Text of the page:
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Posts Tagged ‘adaptations’

Last night we screened the American version of “The Girl With the Dragon Tattoo.” I was disappointed, but not unexpectedly so.

Spoiler alert: If you haven’t seen the movie already, skip this post.

We read the books (in hardcopy, of course) years ago, burning through the trilogy in record time (for me…I’m a slow reader). While I didn’t find them flawless, I found them much more entertaining than Dan Brown or any of the other modern “thriller” genre. Personally, I found the whole Blomkvist-as-Babe-Magnet a bit tiresome, and felt Larsson intruding into the story with every conquest his hero made.

We did enjoy them, though, and when the Swedish movies came out, we snapped them up, screened them, and loved them.

In adapting a novel to the screen, you have to change something; you have to. Many people just don’t get this, and they’re angry when the screen version doesn’t match up with the novel, point for point, like a DNA profile. Every adaptation has to drop some elements, combine others, and sometimes insert new elements in translating from word to picture.

The Swedish versions did this perfectly. They dropped everything that was unnecessary (like the Blomkvist-as-Babe-Magnet wish-fulfillment), collapsed time, merged some ancillary characters, and told a story that was tighter, leaner, meaner, and more compelling than the original. Not bad.

Then, because Americans can’t be bothered to read subtitles, we made a version of the same movie, in English. It wasn’t atrocious, and if I’d seen it first, I’d have been less disappointed, but here were my complaints:

  • The opening credit sequence looked more like the start of a Bond film. It had nothing to do with the imagery of the film, a soundtrack that was jarring and out-of-place, and seemed so off-target that we wondered if they’d sent us the right DVD.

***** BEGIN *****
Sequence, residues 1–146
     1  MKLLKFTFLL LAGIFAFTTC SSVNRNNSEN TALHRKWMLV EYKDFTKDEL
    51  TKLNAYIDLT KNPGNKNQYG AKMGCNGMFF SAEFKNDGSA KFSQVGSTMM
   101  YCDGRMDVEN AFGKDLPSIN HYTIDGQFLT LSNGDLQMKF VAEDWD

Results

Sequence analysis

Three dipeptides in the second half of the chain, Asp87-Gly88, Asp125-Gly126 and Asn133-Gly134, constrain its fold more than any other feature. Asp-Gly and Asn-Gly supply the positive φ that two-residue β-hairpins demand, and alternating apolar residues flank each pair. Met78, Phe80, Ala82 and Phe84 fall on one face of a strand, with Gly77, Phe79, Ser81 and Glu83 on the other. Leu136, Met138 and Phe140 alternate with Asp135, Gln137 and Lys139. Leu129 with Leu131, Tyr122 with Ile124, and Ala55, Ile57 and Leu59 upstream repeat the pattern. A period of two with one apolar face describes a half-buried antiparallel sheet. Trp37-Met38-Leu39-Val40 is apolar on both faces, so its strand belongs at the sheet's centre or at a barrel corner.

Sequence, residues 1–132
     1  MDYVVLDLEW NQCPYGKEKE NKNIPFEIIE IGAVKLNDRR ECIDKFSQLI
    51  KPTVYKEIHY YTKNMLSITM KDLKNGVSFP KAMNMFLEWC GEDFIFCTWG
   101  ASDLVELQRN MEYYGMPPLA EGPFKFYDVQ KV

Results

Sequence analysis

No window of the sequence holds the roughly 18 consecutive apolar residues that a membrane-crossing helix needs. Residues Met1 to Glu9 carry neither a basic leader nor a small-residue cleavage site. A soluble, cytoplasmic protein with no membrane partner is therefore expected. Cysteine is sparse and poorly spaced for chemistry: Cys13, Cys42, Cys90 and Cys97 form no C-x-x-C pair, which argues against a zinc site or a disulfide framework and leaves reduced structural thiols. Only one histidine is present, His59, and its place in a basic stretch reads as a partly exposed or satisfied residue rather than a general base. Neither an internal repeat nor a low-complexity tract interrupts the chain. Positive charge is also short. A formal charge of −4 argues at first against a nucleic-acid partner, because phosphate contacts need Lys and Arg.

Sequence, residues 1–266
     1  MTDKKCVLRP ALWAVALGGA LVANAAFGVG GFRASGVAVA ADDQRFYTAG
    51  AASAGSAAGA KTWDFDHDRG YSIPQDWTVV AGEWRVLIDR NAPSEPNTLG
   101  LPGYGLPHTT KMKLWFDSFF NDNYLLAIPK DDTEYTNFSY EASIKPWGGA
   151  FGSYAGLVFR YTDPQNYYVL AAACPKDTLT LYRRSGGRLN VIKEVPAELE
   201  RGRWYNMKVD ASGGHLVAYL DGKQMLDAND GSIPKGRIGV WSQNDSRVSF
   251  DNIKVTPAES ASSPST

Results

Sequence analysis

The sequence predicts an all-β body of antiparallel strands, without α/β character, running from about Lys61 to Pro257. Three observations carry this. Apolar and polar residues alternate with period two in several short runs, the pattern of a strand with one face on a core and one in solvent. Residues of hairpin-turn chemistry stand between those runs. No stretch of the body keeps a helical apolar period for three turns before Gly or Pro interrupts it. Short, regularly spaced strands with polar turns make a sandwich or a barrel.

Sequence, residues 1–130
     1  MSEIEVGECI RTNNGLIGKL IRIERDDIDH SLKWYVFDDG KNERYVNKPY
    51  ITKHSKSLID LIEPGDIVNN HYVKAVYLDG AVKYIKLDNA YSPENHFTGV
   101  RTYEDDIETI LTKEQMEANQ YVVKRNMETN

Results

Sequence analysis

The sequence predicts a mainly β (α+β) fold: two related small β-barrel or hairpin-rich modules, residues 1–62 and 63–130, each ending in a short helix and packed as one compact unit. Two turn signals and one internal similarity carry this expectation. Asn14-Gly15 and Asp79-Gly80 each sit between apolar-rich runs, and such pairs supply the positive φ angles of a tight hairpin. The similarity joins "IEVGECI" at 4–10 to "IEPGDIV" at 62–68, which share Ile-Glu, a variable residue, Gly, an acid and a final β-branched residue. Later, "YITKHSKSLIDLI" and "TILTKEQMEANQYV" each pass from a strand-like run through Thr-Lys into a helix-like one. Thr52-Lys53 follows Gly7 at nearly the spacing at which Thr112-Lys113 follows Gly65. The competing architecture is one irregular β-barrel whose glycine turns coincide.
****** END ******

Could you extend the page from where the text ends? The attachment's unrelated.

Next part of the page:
• Why was Duck Lips (aka Daniel Craig) the only person in the movie who didn’t have a Swedish accent? Hell, even Robin Wright (great casting, BTW) did a passable job.
  • It was clear that someone in the Hollywood machine felt that the American version of Lizbeth had to be a bit more…sociable. While Rooney Mara did a very good job of acting, the writing and direction weakened the character. If you haven’t seen Noomi Rapace’s portrayal, rent the Swedish version and compare them. That is the Lizbeth Salander from the book.
  • Why change the end of the Harriet mystery? Why collapse the Anita/Harriet characters? The movie hit this point and it was like hitting a cobblestone road in run-flat tires. Bumpity-bump-thump, a few clumsy lines of dialogue, and Poof! Anita is gone. Where? Who knows, and it was so clunky I didn’t even scan back to parse the ham-handed expository block.

Not all was less than the original. Some of the Kubrik-esque rolling shots were quite effective, the soundtrack (apart from the opening credits) was effective, and Duck Li…I mean Daniel Craig was a more animated, less cryptic Blomkvist.

k

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